The wisdom of others

I have long been afflicted with an intellectual inferiority complex, which has often meant that when judging an idea or argument, I defer to the wisdom of my learned friends. If my companions judged that a particular theologian had a brilliant mind, who was I to differ? If friends applauded the contributions of a certain scholar, who was I proffer an alternate view?

In more recent times, however, the opinions of others have become less satisfying. Friends of mine laud a famous sophist, championing his views and sharing his writing at every opportunity. And yet whenever I hear him speak on the radio or TV, I find myself wondering what all the fuss is about. There seems nothing extraordinary about this man or his arguments. But perhaps it is just the medium or a language barrier; or perhaps it all just too deep and profound for my simplistic mind to grasp, still the desert bedouin.

Not long ago I found myself in a small gathering, amongst devotees of a well-known sheikh. We sat in a circle on the floor to attentively lend an ear to the noble one. At first I was enthusiastic, straining to hear his hushed tones. Now and then I would cast my eyes over my companions, who I would find nodding their heads in agreement, uttering “subhanallah” in response to his sentiments and generally fawning over his words. Their reverence made me feel bad, because I was growing agitated, for it was dawning on me that there was nothing there. Beyond the veneer of veneration, there was no substance to anything he was saying. The mumbled lecture was just numbingly repetitive, trite and oh-so boring.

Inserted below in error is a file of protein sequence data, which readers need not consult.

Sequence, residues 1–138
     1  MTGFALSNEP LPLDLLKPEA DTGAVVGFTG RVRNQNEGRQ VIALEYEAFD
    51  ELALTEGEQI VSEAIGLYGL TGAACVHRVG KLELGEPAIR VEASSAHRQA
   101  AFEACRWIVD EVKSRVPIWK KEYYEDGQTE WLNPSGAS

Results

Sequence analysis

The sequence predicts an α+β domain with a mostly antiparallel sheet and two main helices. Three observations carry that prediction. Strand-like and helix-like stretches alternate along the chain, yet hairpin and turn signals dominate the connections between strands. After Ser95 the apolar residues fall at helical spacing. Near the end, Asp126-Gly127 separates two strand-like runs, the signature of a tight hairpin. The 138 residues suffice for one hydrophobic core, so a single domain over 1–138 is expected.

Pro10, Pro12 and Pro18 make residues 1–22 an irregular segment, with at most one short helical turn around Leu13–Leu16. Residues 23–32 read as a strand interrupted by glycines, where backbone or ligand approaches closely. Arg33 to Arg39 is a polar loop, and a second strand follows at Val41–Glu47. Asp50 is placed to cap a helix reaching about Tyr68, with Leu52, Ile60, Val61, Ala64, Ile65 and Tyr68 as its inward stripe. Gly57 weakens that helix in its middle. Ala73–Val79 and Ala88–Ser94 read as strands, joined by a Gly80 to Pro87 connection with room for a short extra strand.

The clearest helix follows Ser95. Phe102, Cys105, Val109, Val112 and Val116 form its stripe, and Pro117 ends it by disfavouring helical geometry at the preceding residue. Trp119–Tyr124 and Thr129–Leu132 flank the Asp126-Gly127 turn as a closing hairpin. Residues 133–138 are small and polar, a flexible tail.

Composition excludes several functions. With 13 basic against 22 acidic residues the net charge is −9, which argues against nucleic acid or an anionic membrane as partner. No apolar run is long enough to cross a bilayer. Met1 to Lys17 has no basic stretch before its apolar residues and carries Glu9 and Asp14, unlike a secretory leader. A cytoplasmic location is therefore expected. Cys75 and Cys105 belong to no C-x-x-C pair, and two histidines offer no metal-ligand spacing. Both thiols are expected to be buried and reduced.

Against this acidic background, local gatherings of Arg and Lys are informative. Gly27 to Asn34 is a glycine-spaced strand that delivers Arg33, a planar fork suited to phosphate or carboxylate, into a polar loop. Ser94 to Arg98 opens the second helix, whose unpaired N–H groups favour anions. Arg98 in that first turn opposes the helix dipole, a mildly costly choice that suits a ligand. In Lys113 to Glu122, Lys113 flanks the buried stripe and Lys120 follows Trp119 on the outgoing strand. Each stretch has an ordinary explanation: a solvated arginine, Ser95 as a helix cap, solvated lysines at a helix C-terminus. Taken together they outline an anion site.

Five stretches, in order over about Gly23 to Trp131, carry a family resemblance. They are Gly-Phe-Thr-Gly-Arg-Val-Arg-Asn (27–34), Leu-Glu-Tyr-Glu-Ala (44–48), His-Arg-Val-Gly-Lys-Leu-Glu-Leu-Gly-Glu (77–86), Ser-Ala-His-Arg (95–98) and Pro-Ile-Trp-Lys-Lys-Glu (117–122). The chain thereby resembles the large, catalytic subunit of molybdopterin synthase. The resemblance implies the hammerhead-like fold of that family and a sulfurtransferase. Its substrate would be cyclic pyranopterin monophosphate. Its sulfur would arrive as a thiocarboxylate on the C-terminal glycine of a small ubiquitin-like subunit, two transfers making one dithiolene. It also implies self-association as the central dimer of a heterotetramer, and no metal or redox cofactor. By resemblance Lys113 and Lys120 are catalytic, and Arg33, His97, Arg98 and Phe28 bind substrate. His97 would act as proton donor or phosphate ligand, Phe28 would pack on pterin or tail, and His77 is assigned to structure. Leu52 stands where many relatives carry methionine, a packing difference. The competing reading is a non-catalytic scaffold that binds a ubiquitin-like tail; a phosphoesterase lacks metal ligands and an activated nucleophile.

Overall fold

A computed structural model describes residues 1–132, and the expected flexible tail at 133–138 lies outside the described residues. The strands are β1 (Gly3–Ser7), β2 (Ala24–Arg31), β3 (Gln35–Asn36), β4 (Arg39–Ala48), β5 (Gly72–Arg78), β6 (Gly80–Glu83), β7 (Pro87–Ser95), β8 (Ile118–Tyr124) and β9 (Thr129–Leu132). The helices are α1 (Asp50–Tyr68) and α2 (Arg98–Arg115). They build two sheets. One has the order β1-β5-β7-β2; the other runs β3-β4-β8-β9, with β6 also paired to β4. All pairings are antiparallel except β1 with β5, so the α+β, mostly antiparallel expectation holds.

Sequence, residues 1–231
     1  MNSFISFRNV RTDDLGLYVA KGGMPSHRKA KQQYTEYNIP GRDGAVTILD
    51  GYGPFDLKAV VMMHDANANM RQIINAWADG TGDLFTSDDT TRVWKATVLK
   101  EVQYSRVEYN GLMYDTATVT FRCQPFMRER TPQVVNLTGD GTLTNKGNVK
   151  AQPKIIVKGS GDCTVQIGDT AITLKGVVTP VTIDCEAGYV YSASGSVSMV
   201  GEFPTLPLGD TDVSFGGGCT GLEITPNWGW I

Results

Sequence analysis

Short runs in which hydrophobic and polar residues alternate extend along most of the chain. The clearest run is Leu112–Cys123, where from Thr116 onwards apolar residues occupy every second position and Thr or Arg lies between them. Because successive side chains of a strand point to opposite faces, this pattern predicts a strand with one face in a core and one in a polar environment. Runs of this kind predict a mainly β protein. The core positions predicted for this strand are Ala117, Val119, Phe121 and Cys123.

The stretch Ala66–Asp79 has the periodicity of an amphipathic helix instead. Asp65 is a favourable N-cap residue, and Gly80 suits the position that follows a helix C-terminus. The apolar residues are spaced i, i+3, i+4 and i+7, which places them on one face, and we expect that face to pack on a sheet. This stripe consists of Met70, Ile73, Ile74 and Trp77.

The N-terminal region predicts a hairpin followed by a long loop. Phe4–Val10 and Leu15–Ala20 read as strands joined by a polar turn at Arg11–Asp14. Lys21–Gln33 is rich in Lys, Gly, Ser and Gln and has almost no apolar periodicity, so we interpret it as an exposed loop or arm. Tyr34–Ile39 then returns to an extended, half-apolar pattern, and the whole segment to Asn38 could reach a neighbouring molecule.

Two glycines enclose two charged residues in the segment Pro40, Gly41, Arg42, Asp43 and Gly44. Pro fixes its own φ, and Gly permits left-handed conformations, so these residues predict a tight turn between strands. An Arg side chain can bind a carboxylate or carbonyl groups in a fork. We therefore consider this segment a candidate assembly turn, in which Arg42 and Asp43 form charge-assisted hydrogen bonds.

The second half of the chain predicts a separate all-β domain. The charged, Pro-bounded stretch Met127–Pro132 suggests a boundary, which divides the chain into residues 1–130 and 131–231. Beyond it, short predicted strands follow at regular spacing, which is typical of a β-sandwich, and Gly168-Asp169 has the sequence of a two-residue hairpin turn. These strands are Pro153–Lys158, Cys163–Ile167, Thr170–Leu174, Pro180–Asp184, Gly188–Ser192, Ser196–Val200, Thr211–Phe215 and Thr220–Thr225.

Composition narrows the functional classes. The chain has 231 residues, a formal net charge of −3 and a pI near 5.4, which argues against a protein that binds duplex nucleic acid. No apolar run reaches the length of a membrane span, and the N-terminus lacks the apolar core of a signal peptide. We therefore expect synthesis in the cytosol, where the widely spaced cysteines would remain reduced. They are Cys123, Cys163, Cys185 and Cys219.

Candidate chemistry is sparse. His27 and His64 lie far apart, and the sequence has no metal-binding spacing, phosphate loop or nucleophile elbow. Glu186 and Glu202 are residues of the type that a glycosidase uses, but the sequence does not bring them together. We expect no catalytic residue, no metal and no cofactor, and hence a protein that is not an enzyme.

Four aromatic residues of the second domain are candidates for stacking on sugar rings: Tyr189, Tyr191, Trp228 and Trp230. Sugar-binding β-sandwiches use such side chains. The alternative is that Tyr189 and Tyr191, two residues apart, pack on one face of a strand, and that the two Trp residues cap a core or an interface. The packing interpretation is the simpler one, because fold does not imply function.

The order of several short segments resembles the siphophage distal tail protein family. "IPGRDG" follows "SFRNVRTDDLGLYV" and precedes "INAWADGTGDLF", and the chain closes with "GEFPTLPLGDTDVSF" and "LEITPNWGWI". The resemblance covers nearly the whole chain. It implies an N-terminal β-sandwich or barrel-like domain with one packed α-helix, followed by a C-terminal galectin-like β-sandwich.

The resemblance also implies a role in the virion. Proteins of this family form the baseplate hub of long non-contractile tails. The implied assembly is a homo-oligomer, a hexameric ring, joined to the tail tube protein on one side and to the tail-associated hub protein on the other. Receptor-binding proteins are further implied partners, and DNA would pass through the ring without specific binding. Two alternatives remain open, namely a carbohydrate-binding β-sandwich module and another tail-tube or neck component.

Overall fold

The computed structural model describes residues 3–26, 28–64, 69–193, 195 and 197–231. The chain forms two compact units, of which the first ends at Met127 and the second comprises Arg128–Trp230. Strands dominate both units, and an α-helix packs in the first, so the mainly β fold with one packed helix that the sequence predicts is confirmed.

It was part of an awakening for me. The realisation that you cannot rely on others to believe for you. That you cannot just blindly defer to the wisdom of others to interpret sentiments on your behalf. I am not saying, “Stuff experts.” I will always ask those who know, when I do not know. But to sit in adoration of a speaker disseminating empty words, devoid of all meaning, simply because I have been told he is a sage or a saint or the genius of our age? No, I will not follow such a guide. Listen with your ears and heart.

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